Tuesday, 19 June 2012

Biological Determinism

This is a post to explain the theory behind ‘biological determinism’, and to analyse it briefly. I’m going to publish subsequent posts that provide different examples of biological determinism, and finally a post that asks why humans have a preference towards this theory. It is probably best if these posts are read in conjunction. I don’t want you to feel as though I’ve neglected anything, or that I’m being too biased.

Biological determinism, as stated by Natasha Walter (journalist and broadcaster), is the theory that the differences we see between men and women are not created by social influences, but are laid down for them by the time they are born by genetic and hormonal differences.

In the 1970s, society took a socially orientated view of how sex differences are produced. The Needs of Children (1974), a publication aimed at anyone caring for children, said ‘the gender role is psychologically determined, first by parental and then by wider society’s expectations’. This publication reiterated a mainstream belief and it was highly reviewed at the time.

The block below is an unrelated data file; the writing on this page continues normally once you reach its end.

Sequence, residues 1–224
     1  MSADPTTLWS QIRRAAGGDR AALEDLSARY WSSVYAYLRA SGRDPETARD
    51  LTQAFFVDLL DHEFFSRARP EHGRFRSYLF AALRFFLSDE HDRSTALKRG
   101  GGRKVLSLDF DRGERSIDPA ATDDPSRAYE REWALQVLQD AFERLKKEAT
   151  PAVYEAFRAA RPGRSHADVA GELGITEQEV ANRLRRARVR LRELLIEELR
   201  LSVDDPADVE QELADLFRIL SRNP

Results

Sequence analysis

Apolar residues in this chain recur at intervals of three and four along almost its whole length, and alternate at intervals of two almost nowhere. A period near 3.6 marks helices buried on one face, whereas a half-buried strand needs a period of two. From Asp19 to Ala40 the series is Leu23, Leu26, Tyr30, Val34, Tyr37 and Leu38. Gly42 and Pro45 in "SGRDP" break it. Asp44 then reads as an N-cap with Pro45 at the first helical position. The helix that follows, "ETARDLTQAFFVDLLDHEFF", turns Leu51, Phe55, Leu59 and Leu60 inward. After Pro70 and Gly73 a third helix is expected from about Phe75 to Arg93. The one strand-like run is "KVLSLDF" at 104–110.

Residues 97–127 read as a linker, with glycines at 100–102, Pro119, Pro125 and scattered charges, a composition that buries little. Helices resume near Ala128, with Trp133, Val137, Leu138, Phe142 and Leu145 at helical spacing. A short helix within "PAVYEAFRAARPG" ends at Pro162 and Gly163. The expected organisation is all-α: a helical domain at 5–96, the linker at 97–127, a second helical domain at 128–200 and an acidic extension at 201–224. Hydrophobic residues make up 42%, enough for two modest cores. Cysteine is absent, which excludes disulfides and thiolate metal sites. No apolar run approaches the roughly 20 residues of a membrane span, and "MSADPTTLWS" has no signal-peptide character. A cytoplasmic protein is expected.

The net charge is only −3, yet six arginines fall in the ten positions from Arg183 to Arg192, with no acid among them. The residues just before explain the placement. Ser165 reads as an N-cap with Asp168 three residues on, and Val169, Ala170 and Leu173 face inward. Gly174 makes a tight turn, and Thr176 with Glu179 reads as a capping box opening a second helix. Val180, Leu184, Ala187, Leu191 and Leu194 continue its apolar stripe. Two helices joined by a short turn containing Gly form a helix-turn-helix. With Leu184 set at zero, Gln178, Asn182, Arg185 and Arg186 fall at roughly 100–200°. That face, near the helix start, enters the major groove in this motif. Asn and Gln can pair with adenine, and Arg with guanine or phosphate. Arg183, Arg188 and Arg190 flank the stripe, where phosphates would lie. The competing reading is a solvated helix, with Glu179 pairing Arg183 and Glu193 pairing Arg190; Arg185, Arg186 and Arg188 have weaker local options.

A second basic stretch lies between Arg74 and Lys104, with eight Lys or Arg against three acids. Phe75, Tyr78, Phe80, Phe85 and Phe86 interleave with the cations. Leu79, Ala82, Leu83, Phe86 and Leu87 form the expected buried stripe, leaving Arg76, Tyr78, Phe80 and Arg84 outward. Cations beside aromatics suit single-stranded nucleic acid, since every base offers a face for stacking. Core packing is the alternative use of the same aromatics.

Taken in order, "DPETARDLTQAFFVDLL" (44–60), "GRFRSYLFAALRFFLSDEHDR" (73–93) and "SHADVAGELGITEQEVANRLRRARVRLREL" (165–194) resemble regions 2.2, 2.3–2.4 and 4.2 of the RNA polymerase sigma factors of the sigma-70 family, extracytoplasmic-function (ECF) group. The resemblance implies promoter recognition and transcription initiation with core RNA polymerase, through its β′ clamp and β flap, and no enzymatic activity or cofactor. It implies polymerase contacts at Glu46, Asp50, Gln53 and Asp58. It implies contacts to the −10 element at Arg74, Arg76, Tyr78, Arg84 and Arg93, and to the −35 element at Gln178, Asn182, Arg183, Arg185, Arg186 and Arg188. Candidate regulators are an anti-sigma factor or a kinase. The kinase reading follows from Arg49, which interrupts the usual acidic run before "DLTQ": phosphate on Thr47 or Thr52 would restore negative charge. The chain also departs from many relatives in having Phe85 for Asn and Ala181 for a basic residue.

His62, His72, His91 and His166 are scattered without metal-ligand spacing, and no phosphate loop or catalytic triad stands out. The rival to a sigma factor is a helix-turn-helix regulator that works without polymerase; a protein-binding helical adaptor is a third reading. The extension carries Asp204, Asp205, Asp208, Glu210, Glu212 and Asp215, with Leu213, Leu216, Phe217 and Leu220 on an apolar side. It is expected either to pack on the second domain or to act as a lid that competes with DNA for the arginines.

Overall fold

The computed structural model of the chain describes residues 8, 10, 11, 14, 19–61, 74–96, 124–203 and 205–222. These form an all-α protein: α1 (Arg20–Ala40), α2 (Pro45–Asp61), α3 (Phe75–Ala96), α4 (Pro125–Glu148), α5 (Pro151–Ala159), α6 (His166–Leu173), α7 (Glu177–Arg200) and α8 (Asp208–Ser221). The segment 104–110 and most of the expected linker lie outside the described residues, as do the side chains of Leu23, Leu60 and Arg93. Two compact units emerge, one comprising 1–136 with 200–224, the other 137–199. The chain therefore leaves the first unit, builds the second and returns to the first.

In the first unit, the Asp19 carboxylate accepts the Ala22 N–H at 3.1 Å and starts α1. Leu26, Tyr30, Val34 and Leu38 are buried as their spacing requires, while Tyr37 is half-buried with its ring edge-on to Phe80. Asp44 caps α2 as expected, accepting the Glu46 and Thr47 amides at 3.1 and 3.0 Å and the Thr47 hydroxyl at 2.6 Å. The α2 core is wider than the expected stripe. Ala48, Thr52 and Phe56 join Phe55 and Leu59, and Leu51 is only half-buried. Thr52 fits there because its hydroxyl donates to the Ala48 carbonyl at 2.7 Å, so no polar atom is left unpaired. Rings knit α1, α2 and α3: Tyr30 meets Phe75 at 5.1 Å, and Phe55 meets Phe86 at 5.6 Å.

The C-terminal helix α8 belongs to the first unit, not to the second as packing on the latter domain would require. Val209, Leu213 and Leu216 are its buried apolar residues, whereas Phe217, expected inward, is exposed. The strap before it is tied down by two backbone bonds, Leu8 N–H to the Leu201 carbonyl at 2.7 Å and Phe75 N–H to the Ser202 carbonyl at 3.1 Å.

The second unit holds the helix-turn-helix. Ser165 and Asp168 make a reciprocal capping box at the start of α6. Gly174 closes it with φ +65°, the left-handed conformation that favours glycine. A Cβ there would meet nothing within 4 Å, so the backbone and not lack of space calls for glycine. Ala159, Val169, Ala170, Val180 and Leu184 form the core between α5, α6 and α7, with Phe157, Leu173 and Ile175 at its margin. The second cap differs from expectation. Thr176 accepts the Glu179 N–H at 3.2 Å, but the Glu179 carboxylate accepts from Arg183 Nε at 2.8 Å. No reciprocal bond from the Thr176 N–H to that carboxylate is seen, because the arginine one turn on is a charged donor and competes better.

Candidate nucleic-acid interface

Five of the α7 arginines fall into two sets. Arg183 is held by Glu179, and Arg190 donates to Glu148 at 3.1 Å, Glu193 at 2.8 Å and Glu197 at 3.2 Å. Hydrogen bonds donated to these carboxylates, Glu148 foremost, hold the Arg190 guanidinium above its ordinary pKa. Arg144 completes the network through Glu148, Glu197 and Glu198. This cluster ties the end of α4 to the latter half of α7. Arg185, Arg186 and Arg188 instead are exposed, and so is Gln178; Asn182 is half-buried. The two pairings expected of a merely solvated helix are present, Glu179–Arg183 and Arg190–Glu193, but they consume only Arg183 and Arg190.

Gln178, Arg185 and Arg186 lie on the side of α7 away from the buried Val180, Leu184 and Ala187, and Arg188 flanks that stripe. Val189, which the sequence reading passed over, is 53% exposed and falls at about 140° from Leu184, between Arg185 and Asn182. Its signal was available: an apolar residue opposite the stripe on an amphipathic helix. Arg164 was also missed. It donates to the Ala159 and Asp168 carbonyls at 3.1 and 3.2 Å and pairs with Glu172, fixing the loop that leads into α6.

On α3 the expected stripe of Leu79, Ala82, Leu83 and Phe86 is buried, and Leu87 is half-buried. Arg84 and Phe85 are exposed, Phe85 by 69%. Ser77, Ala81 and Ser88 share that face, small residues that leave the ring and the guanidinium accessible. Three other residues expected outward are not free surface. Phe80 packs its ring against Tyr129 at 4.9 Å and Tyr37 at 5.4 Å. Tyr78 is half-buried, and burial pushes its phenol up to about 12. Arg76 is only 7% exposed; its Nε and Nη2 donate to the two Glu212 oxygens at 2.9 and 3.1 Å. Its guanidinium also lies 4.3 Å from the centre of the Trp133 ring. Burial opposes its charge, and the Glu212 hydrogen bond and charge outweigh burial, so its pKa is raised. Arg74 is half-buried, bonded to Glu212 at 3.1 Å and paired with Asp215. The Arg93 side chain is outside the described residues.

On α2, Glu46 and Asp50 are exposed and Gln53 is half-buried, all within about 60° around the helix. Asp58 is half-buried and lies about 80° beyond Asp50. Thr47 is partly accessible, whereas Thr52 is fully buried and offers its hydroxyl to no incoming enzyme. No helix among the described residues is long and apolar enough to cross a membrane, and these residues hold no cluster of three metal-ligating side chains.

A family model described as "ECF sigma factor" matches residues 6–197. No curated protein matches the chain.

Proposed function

Today, we are far more likely to have everything explained to us through biology. If I tell someone I believe in gender equality, they will undoubtedly tell me that I can’t deny biological gender differences. They’re right; I can’t deny that I have a uterus. That is a biological gender difference. Point taken. People are also very fond of pointing out how male testosterone levels can contribute to aggression. Yes, this is true. The mistake we’re making with these facts is thinking that they are more significant than variance in human behaviour. Even after puberty, I am more likely to find a more aggressive man because he is a different person. I am quite an aggressive person and most of my male friends would rather avoid confrontation. This is not everyone’s experience however, so it is important to read my post titled 'Hormones' that will assess the situation more critically.

The biological argument falls down when it seeks to prove anything other than anatomical and hormonal differences. When it tries to categorise the brain’s nuances from infanthood for example, the results are so indecipherable that scientists can easily interpret them according to their bias. I will allow the following post to explain…

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